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Improvisation

KBKB Toronto, CanadaNew
edited May 2009 in Gypsy Jazz 101 Posts: 26
Hi guys...just wondering how most of you approach improvisation on the guitar. I've been playing for about 6 years now and my improv is based usually what i hear in my head. The problem i don't have perfect pitch and sometimes i hit some bum notes while improvising.

I know a lot of the GJ players can't read music or even chord charts so i'm guessing they don't really think of chord-scale relationships (altered scale over dom7th etc etc). I've read that they learn the different shapes for each chord on the fretboard and then make it a visual aspect - is this true?

I'm hoping someone can shed some light on their intial approaches towards improvisation on the guitar in the GJ style. Just wondering if there's an approach that is not too technical...my head hurts when i read about tritone subs, advance reharm i just want to leave that for when i play the piano. I know some of the members here already studied jazz and knew the fretboard well but for someone who didn't have theoretical background and just started their journey, how did they get the ball rolling???

My ultimate goal is to be able to improv to Giant Steps on the guitar GJ style!

Any advice/insight is greatly appreciated!

thanks,

KB
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Comments

  • KoratKorat NetherlandsNew
    Posts: 51
    I break down the chords in separate tones to start with an work from there
    If at first you don't succeed, skydiving is not for you.
  • BluesBop HarryBluesBop Harry Mexico city, MexicoVirtuoso
    Posts: 1,379
    Short of going to a gypsy camp and studying with the masters your best bet are Denis Chang's DVDs, it's the closest thing to the gypsy method in 5 DVDs, plus some more modern tips and tricks that make you think Bireli, Wawau, Andreas, Adrien, Sebastien.
    No matter what your level is you'll be playing better in no time, the theory part is kept to a minimum so your head won't explode.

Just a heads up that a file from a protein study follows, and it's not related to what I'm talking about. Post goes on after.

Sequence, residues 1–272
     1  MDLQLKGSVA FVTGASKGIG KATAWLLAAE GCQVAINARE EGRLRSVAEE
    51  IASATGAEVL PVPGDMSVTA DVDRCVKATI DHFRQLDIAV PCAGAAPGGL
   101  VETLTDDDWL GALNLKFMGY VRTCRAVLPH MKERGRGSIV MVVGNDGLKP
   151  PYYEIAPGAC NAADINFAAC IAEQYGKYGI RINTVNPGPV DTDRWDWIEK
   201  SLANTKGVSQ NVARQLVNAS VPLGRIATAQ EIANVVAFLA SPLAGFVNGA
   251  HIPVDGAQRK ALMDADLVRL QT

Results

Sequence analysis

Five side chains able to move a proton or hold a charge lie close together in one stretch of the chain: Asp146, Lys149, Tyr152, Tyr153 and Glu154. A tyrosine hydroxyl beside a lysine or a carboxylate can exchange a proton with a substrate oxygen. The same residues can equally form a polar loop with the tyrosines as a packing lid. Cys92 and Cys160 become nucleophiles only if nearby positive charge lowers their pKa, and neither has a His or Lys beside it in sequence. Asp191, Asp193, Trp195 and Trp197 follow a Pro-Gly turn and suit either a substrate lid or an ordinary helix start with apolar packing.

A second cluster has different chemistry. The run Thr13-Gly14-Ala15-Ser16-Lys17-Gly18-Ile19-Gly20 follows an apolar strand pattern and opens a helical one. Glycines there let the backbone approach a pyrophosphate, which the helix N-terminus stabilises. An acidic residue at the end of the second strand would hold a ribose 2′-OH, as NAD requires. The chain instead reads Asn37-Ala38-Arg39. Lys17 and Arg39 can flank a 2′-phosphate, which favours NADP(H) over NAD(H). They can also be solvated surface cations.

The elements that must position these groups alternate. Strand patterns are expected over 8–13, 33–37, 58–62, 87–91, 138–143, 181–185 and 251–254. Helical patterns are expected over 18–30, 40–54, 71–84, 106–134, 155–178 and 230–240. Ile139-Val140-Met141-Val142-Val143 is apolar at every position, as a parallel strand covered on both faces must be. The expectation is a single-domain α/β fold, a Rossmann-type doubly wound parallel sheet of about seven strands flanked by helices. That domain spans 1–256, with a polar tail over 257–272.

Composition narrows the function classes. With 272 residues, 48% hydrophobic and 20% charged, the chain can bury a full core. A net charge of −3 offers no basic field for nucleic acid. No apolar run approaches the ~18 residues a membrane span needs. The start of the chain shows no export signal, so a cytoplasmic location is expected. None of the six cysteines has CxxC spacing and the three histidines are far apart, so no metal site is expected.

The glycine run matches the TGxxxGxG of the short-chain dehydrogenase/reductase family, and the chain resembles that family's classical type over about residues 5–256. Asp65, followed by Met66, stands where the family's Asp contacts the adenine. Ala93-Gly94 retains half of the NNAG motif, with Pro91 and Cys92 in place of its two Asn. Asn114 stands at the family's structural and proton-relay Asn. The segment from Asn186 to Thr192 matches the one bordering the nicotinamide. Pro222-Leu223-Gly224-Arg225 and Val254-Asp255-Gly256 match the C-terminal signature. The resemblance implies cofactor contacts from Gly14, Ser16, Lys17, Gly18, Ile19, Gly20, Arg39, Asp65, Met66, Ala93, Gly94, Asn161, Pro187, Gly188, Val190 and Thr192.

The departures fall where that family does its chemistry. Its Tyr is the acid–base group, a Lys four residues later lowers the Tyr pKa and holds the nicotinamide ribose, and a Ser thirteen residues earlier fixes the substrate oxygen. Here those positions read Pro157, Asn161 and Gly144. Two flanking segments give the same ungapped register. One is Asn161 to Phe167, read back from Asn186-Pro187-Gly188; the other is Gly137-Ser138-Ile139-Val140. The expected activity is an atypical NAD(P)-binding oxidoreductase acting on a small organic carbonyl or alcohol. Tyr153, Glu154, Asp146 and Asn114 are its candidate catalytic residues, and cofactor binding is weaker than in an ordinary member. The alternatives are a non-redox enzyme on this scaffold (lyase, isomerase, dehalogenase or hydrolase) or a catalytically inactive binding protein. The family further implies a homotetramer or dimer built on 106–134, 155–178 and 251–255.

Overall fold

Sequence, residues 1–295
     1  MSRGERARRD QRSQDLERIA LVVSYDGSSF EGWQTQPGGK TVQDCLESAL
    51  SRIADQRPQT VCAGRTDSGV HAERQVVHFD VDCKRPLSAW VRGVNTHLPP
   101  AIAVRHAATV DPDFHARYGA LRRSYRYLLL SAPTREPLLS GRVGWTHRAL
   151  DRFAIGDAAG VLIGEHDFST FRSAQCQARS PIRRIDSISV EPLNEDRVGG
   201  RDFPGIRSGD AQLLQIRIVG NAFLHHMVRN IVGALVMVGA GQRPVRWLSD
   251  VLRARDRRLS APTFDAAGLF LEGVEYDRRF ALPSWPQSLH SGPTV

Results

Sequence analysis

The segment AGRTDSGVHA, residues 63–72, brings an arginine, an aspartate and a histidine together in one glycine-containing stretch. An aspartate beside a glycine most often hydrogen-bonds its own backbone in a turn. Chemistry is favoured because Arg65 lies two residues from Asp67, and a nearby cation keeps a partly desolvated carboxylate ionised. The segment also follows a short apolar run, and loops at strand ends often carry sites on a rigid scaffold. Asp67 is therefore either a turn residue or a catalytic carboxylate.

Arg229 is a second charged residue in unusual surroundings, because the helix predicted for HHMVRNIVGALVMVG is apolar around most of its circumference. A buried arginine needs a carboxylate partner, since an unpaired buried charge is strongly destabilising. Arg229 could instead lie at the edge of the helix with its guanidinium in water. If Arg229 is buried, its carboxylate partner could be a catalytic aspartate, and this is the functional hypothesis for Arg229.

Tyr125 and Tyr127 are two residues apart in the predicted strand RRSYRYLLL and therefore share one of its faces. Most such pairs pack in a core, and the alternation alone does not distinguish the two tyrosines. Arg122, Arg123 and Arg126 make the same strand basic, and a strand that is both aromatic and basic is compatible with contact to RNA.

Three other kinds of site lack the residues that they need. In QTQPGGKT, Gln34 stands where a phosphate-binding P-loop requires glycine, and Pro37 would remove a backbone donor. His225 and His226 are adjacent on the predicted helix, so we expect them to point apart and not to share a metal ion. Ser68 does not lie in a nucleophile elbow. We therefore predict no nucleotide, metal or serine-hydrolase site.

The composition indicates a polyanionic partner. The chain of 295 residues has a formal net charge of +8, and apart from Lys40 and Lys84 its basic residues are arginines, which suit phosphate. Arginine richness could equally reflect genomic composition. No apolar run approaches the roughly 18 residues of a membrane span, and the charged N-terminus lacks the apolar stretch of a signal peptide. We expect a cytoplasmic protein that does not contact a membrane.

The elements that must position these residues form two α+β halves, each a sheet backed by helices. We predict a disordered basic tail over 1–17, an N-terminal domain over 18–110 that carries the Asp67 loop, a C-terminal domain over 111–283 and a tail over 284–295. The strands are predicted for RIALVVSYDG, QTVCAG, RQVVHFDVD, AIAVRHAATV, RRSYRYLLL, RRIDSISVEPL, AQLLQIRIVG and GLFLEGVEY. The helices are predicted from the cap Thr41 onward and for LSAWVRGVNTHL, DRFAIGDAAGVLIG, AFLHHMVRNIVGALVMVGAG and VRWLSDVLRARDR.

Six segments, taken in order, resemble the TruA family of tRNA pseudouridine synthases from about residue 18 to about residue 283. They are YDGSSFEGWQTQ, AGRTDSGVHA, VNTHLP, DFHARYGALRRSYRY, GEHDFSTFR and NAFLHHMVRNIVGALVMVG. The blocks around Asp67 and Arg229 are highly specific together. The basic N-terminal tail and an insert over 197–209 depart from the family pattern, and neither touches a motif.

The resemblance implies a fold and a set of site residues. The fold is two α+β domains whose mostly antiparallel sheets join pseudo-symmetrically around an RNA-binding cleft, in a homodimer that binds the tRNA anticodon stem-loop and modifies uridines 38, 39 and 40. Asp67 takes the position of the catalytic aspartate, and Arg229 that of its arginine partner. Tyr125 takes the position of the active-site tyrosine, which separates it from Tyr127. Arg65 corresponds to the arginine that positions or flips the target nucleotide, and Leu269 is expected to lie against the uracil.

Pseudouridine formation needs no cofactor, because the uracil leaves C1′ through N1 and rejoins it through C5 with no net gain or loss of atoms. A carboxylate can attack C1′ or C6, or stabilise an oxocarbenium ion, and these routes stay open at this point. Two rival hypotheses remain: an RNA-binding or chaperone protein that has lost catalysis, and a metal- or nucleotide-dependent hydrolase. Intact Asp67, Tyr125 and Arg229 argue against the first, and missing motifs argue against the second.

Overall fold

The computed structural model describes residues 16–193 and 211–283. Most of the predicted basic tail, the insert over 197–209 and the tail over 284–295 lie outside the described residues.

Don't forget to get you rhythm sorted out first, that's where all the gypsies begin.
  • Posts: 101
    KB wrote:
    I've read that they learn the different shapes for each chord on the fretboard and then make it a visual aspect - is this true?

    Yes ! This is true. That is why the manouches spends years to practice la pompe before improvising. It is very visual.
    They also learn everything by ear so basically they transcribe a lot.
    If you look at Tchavolo's lick in particular you can see that everything is based an a chord shape.

    Also get away from tabs, transcribe instead. Tabs are a lost of time. You will never learn to improvise with tabs. In rare case I use written transcriptions to make sure I am right.
  • CalebFSUCalebFSU Tallahassee, FLModerator Made in USA Dell Arte Hommage
    Posts: 557
    I agree with enrique, if you can't go to europe get with Dennis' DVDs. But I will say this I don't eshew theory too quickly. I think people who come into this music fall into the Jimi Hendrix fallacy a lot of the time. This notion that because Tchavolo or Stochelo don't read music or know theory means I don't have to either, is really a bad one. These guys live and breath this music 24 hours a day 7 days a week. They don't just go to work 8 hours a day get a few hours (if you're lucky) of practice in and go out and play at that level so unless you can commit to the music like that your not likely to get their results. That doesn't mean you have to get a degree in music theory or Jazz performance to play this music but use the resources you have available to you. I agree that your ears are the most valuable of those resources, but this is Jazz if you want to say something you have to know the language and there are a lot of ways to learn it. I could learn French if I just watched a lot of french movies but there are easier ways. Especially if your goal is to play Giant Steps or Trane changes in this style. I agree that is really cool (Andreas with Dennis on Rhythm is the only person in this style I have heard play them) but Trane ain't no joke or no game. Just out of curiosity if you're head hurts when you think of re-harm or subs then why Trane changes? That doesn't seem like a natural fit.
    Anyway sorry for the rant...lol just my two cents (a very long winded I agree with Enrique)
    P.S. If you are into playing Trane changes there is an Aebersold called Countdown to Giant Steps it will get you going on them.
    Hard work beats talent, when talent doesn't work hard.
  • Posts: 101
    I have to disagree with you CableFSU. Even Dennis says in his DVD's that he did not use his music theory background to find out substitutions or re-harmonization but he transcribed instead. I really think that you can save time if you learn by transcribing. I am not against a simple overview a the theory but I think that keep it simple is the key.